DigiDoodle (2009)

Running Time: 1 minute 34 seconds

DigiDoodle is an interactive installation that encourages playful collaboration through virtual drawing. By engaging with two handcrafted physical interfaces (doodles) that are shaped like oversized crayons, viewers are able to create colourful images consisting of circles and blobs over a large floor projection. Sounds also fill the space in the form of bells and chimes as viewers interact with DigiDoodle, adding to the multi-sensory experience.

DigiDoodle (2009) DigiDoodle (2009) DigiDoodle (2009)
DigiDoodle (2009) DigiDoodle (2009) DigiDoodle (2009)

Conceptually, the installation not only advances the idea of collaboration through creation, but also seeks to challenge the traditional modes of human-computer interaction. By repurposing objects from everyday life such as tennis balls and water noodles, DigiDoodle affectively taps into the feeling of the familiar with its interface. Whereas computer mice, keyboards and touch screens all require some level of unnatural adaptation from human users to operate, DigiDoodle instead seeks to harness user comfort through a pleasingly tangible and intuitive experience.

development

DigiDoodle was developed over two phases during two years. The first stage started in the winter of 2008 as a group collaboration between me and two other students, Joyce Wong and Nicole Dempsey, for a cross-college interdisciplinary program titled ASTEC (Art and Science Technology Collaboration) between the Alberta College of Art + Design and the University of Calgary. The premise of the ASTEC program was to bring together artists and computer scientists to create from inception to completion a project of our own choosing over one semester (4 months). During this phase of DigiDoodle I played a key role in incubating ideas for the project as well as designing, prototyping and testing the physical interfaces. Some images from this initial planning and development can be seen below.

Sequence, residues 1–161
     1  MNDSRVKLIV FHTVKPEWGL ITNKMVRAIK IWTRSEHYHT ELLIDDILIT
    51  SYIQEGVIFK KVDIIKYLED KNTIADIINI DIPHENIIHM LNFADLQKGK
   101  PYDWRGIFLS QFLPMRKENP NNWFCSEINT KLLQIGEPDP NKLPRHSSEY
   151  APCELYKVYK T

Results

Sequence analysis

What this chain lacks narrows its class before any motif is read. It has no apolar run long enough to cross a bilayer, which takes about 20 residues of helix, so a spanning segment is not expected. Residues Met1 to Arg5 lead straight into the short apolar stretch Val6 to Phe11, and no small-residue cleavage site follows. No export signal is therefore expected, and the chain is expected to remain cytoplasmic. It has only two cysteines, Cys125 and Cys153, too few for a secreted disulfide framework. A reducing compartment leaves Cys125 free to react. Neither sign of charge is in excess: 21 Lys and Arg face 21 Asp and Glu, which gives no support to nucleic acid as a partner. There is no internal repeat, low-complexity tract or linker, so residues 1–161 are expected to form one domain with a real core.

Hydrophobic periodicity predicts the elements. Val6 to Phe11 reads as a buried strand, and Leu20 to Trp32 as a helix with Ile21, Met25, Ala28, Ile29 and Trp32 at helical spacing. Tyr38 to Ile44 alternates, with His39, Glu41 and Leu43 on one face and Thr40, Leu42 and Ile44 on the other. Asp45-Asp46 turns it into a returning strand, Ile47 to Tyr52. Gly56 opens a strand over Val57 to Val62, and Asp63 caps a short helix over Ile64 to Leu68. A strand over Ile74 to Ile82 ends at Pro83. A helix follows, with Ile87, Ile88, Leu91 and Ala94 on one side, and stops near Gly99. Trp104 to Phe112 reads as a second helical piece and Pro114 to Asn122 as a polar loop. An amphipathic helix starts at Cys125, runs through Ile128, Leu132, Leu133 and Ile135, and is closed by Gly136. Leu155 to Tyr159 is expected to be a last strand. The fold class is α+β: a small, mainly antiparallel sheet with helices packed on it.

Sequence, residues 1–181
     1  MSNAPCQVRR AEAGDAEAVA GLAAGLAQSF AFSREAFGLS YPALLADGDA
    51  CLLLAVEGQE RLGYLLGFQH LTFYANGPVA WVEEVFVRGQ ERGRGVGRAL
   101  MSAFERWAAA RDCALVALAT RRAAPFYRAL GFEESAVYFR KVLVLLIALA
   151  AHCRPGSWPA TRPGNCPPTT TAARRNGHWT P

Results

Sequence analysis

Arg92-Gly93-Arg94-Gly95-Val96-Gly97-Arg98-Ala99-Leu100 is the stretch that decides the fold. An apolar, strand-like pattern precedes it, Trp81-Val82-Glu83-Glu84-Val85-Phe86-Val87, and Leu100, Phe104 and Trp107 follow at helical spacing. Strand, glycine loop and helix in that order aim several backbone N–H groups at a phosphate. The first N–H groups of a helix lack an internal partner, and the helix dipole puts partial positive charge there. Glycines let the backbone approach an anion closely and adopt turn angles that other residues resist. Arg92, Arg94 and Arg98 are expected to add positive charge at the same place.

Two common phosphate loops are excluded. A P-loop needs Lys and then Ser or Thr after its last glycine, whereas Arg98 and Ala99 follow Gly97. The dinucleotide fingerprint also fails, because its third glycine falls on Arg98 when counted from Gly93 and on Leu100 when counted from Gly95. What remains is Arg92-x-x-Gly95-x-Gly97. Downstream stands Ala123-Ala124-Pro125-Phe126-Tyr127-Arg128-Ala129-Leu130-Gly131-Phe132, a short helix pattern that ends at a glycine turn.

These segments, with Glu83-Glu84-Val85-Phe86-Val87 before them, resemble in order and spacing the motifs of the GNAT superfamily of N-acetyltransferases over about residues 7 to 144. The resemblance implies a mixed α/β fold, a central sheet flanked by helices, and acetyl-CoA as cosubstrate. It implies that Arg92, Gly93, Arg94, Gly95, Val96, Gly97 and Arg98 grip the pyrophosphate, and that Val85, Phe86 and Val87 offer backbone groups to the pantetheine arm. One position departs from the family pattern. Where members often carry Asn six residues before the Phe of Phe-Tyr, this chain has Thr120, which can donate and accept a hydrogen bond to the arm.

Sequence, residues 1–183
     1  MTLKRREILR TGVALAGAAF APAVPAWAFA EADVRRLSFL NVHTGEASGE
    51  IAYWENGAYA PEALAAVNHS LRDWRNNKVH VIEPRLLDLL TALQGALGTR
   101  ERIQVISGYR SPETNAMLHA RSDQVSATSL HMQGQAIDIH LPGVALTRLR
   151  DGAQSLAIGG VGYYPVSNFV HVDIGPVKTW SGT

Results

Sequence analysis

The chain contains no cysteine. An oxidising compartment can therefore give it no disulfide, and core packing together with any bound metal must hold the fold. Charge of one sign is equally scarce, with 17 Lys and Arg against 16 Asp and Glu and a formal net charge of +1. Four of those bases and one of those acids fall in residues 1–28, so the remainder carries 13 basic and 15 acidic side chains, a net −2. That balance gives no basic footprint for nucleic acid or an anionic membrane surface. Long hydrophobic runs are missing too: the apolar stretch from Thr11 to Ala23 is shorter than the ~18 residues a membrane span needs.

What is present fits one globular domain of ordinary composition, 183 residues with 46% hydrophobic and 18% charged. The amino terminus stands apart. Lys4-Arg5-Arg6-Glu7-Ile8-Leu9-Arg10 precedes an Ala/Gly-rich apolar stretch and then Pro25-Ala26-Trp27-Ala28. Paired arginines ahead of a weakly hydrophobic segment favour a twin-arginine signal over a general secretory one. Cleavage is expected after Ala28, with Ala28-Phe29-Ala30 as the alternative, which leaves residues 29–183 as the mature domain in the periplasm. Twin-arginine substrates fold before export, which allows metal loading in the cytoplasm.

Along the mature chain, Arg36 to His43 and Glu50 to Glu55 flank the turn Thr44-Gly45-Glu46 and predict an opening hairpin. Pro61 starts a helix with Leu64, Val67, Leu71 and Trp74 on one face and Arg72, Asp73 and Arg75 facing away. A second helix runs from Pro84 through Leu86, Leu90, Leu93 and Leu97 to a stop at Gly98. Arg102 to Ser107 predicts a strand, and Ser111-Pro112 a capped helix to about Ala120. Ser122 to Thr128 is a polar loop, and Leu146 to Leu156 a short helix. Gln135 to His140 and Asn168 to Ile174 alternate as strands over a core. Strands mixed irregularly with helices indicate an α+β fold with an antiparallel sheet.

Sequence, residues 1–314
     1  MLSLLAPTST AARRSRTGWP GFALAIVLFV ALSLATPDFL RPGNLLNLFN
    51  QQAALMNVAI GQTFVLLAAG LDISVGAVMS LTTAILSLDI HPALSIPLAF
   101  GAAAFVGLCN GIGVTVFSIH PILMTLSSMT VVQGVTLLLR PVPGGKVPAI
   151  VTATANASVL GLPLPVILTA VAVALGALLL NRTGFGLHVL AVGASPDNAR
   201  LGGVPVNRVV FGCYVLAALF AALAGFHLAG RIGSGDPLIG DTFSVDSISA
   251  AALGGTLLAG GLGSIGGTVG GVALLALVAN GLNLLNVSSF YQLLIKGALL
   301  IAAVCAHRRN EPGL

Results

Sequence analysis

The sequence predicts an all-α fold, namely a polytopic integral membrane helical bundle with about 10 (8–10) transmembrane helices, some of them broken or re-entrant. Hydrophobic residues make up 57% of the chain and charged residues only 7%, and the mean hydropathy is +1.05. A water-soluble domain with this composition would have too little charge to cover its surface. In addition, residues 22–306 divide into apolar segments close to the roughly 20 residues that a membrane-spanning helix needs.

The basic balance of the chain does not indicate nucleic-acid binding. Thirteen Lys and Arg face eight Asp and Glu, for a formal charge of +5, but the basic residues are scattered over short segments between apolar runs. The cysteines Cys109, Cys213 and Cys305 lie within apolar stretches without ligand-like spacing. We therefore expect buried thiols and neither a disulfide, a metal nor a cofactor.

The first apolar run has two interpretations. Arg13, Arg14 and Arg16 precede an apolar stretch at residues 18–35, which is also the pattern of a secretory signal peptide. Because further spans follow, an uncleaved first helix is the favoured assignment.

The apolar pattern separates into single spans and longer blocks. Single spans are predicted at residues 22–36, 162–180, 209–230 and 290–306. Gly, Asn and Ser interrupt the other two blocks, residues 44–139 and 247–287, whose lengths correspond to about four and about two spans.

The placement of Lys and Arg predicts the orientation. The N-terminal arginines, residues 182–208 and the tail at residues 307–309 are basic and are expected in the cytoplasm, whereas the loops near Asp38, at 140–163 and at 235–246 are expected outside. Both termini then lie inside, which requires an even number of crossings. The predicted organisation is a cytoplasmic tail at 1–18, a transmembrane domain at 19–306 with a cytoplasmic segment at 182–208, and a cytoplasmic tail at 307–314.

DigiDoodle (2009) DigiDoodle (2009) DigiDoodle (2009)
DigiDoodle (2009) DigiDoodle (2009) DigiDoodle (2009)

Following the completion of the ASTEC program I carried DigiDoodle forward through a second phase of development primarily under my own direction. The video compilation above is a product of this effort. During this period I focused on redeveloping the doodle interfaces to be more functional as well as reprogramming the system software to run through the open source programming language and environment, Processing. DigiDoodle was my contribution to the Alberta College of Art + Design student graduation exhibition in May 2009.

technology

  • Processing
  • GlovePie
  • Hacked Bluetooth computer mice
  • Custom circuit drivers
  • wiiMote camera